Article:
Lexington Minute-man, October 11, 1933
Francis S. Dane Jr. Sails With the Byrd Expedition
Well Known Local Young Man Departs on the Jacob Rupert as One of the Dog Drivers. Dane Spent the Summer at the Chinook Kennels at Wonolancet, N. H.
Francis S. Dane Jr., son of Mr. and Mrs. Francis S. Dane of 1 Bennington road, sailed Wednesday, October 11, on the Jacob Rupert, which left Boston Navy Yard for the first lap of its journey to the South Pole with the supplies and dogs for the second Byrd Antarctic Expedition. Whether “Duke” Dane as he is popularly known, will go all the way to the South Pole is as yet uncertain, but he will go with the expedition at least through the Panama Canal, and probably to the “jumping-off-place” which at present appears to be Valporaiso, South America.
Since the middle of July Mr. Dane has been at the Chenook Kennels, in Wonolancet, N.H. assisting in the care and training of the huskie dogs for the expedition. During a considerable part of August and September he was unofficial charge-d’affairs where Byrd’s dogs were concerned, in the absence of Norman Vaughan and Allen Taylor who have successively been responsible for this division of the expeditionary forces.
The work at Wonolancet included the exercise and care of 150 dogs each of whom has to be given a run at least once each day besides being fed and supplied with water, the latter becoming one of the great problems owing to the continued drought in that section of New England. With but four regular men on duty the dog drivers were kept busy often 12 to 13 hours a day. Beside the work at the kennels trips had to be made to Canada to secure more dogs from time to time, as only those really fit can be taken on the expedition. This meant driving hugh trucks to Canada, loading them with crated dogs, and making the return trip, the latter usually without stopping for sleep as the howling of the dogs is not welcomed in most towns and villages. Mr. Dane made several such trips during the summer.
Last Friday night the dogs were brought to Boston on trucks a journey which took from 10 p.m. to 5 a.m. and on Saturday they were put onto the dock at the Navy Yard, where several local people visited them over the week-end. The crates were places in double rows on top of each other and once each day every dog was removed from the crate and given a chance to move about the deck at the end of a chain while his box was being cleaned. The dog-drivers of the expedition, including Mr. Dane were in charge of this work.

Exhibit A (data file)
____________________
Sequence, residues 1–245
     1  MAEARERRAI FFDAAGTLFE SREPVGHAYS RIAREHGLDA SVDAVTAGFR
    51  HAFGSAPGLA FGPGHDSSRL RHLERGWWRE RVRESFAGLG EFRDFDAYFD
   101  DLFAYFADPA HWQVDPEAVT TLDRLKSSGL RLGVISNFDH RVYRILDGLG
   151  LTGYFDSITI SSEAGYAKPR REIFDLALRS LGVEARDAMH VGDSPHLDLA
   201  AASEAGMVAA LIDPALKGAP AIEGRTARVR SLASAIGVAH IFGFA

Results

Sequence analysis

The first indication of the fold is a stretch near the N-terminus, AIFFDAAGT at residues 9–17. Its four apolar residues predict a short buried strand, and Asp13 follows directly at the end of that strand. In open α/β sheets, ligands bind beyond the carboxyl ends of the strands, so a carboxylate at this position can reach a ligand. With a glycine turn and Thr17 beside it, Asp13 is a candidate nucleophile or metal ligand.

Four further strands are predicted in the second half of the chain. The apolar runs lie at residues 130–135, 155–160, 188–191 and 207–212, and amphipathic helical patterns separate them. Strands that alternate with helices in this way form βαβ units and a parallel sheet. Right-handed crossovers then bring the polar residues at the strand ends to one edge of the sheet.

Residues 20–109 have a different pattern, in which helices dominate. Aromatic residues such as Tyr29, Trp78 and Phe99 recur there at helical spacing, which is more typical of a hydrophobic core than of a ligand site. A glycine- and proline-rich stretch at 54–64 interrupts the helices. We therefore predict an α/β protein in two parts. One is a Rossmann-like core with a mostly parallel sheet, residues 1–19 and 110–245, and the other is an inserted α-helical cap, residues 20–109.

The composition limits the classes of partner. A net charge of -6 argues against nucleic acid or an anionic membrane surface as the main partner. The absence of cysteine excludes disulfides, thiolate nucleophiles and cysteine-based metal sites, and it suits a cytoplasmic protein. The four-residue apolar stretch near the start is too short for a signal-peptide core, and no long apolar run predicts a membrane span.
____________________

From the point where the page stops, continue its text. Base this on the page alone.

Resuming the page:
On Monday each dog had to be taken from the crate, run up the gang plank and held on deck while the crates were being loaded over the side of the Ruppert by the crew. Until the ship leaves Norfolk sometime next week the dogs must remain in their cages which are just large enough for them to turn around in. They are oblong boxes, made of stout wood reinforced by three bands of metal and having a front door of stout iron and wire mesh secured with a metal latch. When the ship leaves Norfolk the dogs will be taken from the crates and chained to the deck where they will have somewhat more freedom.
On the trip through the tropics the dogs lie on the ship and pant; they do not want food, or even much water. Some will not survive the trip, especially if the hot weather lasts over an extended period. This is one of the reasons for taking so large a number as 153 which are at present on board.
The duties of a dog-driver on such as expedition as this planned by Admiral Richard E. Byrd are anything but a pleasant game. It is the hardest type of physical labor, under often unbelievably trying conditions, but if one is not afraid of the work, likes the sea, and has a real love for and understanding of dogs it is one of the greatest adventures and opportunities which can come to a young man. “Duke” Dane has the qualities which will make for success and has more over no illusions about the hardships into which he is going. Not only has he worked with this particular Expedition all summer, he has also been with one of the North Polar Expeditions of Captain Donald B. MacMillan as far as the ice, and knows what to expect on a sea voyage. Although somewhat tired from the lack of sleep during the past weeks, he is in excellent physical shape and is in everyway prepared for the great adventure. His many friends wish him Bon Voyage and a safe return.